Caring for the teeth takes quite a few at-home practices along with several different types of dental procedures. Two of the ones that are more commonly used by a dentist include dental fillings and sealants. They each have a specific purpose in mind and are used by dentists to help protect the teeth from becoming weak or damaged due to dental decay. Dental fillings and sealants protect the teeth against the development of decay in different ways, helping to keep them strong and healthy. Here’s a brief look at what you need to understand about how dental fillings and sealants differ.
Dental Fillings and Sealants: What Do They Do?
When comparing dental fillings and sealants, it is easy to see the difference. Fillings are designed to repair teeth that have already experienced dental decay, whereas sealants are intended to protect the teeth from ever getting decay. More specifically, fillings are used to take the place of the tooth structure that has been removed as the result of decay. They fill in the hole and make the teeth stronger. Sealants are designed to prevent decay from occurring by covering up the crevices located on the molars and premolars in the back of the mouth.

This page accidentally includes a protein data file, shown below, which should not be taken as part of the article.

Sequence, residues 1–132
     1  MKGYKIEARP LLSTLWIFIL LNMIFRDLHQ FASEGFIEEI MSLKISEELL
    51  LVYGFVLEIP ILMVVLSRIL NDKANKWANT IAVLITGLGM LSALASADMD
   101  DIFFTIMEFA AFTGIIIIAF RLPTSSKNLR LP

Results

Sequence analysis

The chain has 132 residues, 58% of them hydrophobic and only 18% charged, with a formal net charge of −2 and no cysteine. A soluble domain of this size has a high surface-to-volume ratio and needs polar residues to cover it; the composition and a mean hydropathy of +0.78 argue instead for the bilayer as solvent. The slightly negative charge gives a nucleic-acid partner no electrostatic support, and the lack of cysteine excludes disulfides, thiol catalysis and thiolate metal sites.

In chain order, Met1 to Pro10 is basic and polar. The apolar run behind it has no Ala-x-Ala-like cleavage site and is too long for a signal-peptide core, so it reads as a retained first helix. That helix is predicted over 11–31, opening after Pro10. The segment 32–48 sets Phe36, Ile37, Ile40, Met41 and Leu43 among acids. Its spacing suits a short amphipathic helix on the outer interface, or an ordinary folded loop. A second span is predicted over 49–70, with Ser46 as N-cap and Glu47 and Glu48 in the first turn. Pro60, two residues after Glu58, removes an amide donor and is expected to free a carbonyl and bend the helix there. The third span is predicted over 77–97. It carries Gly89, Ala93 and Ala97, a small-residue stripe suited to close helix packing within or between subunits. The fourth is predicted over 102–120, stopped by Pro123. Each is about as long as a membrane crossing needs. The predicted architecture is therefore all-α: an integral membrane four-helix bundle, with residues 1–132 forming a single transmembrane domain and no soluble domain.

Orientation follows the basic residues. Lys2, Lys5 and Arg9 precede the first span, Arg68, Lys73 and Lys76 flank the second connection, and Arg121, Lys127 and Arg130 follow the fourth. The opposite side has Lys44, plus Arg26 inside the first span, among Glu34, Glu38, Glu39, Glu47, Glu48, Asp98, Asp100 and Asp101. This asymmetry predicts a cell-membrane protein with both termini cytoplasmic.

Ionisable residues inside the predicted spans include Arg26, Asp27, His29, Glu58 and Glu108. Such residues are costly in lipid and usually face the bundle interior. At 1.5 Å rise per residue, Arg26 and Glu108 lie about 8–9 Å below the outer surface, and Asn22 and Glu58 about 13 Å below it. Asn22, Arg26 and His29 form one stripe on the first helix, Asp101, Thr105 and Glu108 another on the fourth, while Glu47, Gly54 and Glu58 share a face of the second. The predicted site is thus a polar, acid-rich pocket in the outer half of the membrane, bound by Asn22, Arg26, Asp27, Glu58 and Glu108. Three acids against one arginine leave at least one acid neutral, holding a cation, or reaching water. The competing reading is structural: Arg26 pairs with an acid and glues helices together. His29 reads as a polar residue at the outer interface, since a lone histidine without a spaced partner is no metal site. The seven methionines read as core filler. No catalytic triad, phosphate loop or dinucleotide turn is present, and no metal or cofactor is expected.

Dental Fillings and Sealants: What Are They Made From and Why?
Since dental sealants are temporary measures, they are fabricated from a thin plastic material. Fillings are designed to last for years, and so, they are made from stronger composite or amalgam materials. Both dental fillings and sealants have a place in dental practices as methods to help protect the teeth from undergoing decay.
Dental Fillings and Sealants: Do They Last a Long Time?
The longevity of dental fillings and sealants is partly related to the oral hygiene practices of the patient. If proper brushing and good eating habits are followed, both dental fillings and sealants can remain intact for the expected duration of time. As temporary measures, sealants are easily damaged and loosened when patients chew gum or eat sticky foods. Fillings are much more permanent and can last years as long as the remaining portion of tooth is kept free of dental decay.